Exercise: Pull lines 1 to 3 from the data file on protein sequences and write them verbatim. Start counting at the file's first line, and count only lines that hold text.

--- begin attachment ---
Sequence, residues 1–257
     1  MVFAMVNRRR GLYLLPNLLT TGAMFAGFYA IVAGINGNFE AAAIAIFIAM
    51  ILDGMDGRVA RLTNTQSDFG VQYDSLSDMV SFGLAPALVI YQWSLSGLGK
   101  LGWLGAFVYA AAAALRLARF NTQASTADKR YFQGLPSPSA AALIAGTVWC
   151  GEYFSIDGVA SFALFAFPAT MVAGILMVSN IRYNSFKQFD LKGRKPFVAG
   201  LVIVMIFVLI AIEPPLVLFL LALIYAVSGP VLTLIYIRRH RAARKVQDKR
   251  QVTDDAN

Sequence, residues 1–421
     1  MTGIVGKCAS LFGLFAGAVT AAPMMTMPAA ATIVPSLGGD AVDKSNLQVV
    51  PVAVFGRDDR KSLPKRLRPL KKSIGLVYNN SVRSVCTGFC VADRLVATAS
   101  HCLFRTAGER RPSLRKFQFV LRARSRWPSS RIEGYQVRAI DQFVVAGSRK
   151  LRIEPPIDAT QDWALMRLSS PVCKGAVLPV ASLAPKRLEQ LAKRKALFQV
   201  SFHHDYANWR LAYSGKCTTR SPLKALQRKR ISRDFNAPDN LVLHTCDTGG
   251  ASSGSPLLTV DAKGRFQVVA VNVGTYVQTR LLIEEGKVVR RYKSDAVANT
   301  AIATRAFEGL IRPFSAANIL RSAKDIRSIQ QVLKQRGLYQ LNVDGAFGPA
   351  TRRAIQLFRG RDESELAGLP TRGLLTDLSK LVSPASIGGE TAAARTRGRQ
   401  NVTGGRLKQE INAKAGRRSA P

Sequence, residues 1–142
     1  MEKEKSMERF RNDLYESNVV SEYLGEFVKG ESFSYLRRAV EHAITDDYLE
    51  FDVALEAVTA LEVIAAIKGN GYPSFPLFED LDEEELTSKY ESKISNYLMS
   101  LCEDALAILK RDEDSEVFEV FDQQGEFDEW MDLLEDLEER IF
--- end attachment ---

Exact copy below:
Sequence, residues 1–257
     1  MVFAMVNRRR GLYLLPNLLT TGAMFAGFYA IVAGINGNFE AAAIAIFIAM
    51  ILDGMDGRVA RLTNTQSDFG VQYDSLSDMV SFGLAPALVI YQWSLSGLGK